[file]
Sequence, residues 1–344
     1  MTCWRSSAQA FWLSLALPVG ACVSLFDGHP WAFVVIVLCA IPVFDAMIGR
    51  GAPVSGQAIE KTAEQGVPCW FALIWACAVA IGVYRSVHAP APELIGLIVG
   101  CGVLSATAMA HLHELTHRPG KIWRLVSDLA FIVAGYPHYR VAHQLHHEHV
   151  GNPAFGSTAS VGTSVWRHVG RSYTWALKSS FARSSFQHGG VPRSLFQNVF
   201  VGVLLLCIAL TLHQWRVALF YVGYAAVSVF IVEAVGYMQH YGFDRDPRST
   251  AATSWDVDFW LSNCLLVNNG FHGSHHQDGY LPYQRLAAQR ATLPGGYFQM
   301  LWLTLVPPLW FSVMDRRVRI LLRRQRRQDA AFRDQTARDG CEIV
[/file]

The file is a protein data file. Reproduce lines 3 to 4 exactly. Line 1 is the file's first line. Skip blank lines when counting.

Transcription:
    51  GAPVSGQAIE KTAEQGVPCW FALIWACAVA IGVYRSVHAP APELIGLIVG
   101  CGVLSATAMA HLHELTHRPG KIWRLVSDLA FIVAGYPHYR VAHQLHHEHV